Charmed, I’m Sure: The Importance of Artist Residencies

The painting studio at Skowhegan.

As the author of BURNAWAY’s Call for Artists column and an artist who has attended numerous residencies around the country and abroad, I felt it necessary to explain the importance of the artist residency. I asked three Atlanta-based artists—Craig Drennen, Nikita Gale, and Stephanie Dowda—to write about their experiences at residencies and why they feel it was important to them. Here’s what they had to say.

Craig DrennenAssistant Professor, Georgia State University; former Dean, Skowhegan School of Painting and Sculpture, Maine:

sko2
Artists convene at Skowhegan.

“I think the benefits of residency programs are enormous for artists. On a very basic level, it gives an artist time to work and space to work, away from their normal lives. The second part of the equation is that residencies place artists in new communal contexts with new peers and mentors from all over the world. I think that all of these factors create an environment where artists can make substantial jumps in their work in a short amount of time. I say that as an artist and as a former dean of a residency program. I’ve both received the benefit of residencies and watched hundreds of other artists benefit from them. You can be in your studio in Atlanta in May, then have Paul Pfeiffer or Rochelle Feinstein giving you a studio visit at Skowhegan in June. The art world is full of contingencies, but residency programs are proven to help artists in measurable ways, which is why all of the top art departments in the country have matching fund programs to make sure that their students and alums get the opportunity to take advantage of residencies.”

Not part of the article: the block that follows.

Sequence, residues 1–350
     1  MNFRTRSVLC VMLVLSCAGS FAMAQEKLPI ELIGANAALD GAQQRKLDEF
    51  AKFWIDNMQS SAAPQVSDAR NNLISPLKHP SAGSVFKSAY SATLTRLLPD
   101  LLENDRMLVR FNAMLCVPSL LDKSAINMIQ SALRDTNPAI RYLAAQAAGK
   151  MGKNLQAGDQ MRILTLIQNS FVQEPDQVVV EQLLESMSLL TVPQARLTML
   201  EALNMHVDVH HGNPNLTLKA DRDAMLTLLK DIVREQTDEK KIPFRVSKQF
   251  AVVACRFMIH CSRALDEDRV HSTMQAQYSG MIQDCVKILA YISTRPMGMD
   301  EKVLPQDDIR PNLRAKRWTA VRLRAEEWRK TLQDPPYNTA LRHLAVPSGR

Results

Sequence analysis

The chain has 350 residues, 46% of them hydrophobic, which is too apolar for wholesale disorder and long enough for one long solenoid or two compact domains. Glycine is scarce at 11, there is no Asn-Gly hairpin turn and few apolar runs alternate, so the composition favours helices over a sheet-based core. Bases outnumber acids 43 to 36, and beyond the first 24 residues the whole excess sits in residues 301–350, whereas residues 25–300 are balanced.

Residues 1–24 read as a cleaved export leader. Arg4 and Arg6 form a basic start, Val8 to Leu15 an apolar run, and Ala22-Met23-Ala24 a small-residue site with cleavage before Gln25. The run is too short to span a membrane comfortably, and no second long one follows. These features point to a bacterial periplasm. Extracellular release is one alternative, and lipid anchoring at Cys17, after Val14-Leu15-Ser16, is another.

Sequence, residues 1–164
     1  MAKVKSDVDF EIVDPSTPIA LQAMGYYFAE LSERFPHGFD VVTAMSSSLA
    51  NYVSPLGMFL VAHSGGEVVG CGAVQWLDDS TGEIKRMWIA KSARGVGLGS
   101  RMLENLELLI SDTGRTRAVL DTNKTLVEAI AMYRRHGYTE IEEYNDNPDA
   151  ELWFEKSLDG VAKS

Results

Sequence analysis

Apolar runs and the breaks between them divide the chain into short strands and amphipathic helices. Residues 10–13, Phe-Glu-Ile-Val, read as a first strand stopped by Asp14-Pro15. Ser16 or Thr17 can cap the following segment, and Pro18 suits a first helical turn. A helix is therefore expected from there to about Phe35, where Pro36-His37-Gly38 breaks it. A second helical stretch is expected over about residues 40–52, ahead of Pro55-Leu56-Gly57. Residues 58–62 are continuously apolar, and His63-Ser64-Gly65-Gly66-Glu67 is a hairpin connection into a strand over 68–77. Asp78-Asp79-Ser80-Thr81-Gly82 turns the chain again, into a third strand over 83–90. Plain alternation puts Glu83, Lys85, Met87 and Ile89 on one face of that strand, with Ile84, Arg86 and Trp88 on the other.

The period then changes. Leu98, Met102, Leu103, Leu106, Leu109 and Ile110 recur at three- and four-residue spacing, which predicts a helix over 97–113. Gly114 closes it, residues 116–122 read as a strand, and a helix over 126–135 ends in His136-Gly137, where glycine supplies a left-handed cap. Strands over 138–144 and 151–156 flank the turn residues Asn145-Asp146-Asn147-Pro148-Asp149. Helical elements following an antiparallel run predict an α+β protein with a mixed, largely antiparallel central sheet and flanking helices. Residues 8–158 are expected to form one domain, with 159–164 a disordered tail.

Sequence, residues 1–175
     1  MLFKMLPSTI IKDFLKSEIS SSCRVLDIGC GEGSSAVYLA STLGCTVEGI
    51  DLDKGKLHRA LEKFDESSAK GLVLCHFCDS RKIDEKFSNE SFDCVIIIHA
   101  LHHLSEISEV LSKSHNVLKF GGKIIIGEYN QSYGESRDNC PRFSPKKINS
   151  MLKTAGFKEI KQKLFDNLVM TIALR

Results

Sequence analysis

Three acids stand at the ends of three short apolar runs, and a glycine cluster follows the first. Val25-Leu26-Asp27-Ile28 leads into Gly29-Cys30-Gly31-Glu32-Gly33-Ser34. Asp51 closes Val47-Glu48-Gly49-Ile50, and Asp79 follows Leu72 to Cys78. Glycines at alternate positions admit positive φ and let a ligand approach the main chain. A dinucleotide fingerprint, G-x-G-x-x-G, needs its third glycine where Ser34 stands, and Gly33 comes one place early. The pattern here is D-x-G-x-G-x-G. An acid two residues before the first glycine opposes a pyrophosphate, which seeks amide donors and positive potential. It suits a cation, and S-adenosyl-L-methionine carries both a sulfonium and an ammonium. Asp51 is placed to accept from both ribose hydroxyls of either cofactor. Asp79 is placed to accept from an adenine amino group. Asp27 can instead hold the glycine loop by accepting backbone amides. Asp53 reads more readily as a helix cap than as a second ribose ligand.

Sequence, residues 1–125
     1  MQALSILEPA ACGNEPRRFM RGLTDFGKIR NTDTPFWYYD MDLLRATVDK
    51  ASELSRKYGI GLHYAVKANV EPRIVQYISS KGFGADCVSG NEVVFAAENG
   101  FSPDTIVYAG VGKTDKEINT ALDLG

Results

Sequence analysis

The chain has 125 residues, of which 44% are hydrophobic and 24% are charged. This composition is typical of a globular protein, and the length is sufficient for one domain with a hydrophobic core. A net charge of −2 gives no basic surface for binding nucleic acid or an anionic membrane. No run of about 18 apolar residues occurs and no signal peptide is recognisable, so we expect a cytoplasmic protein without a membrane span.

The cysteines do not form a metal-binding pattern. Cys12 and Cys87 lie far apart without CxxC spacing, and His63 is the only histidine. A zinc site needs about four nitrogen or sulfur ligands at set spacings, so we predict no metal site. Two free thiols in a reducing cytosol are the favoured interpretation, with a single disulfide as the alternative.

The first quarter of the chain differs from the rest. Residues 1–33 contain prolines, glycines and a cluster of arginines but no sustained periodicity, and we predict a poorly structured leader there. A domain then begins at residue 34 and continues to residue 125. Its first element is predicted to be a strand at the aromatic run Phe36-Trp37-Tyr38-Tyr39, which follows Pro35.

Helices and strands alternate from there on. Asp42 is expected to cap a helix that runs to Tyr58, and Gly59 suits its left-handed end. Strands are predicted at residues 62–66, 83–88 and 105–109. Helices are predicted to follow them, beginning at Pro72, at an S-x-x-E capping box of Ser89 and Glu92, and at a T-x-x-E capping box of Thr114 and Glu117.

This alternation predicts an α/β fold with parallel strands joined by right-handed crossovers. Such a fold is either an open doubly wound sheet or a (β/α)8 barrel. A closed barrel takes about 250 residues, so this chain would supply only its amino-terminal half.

Nikita Gale discusses three different residencies and what worked for her regarding the timing of the residency, the location, and the number of fellow residents:

“The Center for Photography at Woodstock (CPW), in upstate New York, was my first residency. It’s a program for artists of color working in photography. This is still my favorite residency. It was fully funded (travel, food, housing) and also provided artists with an honorarium on top of all of that. It is a very self-directed residency. There are only two residents there at a time, which gives you plenty of space to work, in addition to providing you with more time and attention from the staff. They have a state of the art digital lab and loads of incredible photography equipment that residents can use to create work. There are two review sessions that are arranged with the staff at the middle and the end of the residency, where you are given the opportunity to “check in” and let everyone know what you’re doing and what you may need help doing. I created a major body of work that became my first major solo exhibition while I was at CPW. The residency also offers workshops with well-known photographers, and residents can participate in any of these free of charge; they usually cost several hundred dollars. CPW also has a partnership with Howard Greenberg Gallery in New York, so each resident has his or her work acquired for the permanent collection of the Howard Greenberg Gallery as part of this residency.”

The Vermont Studio Center in Johnson, Vermont.
The Vermont Studio Center in Johnson, Vermont.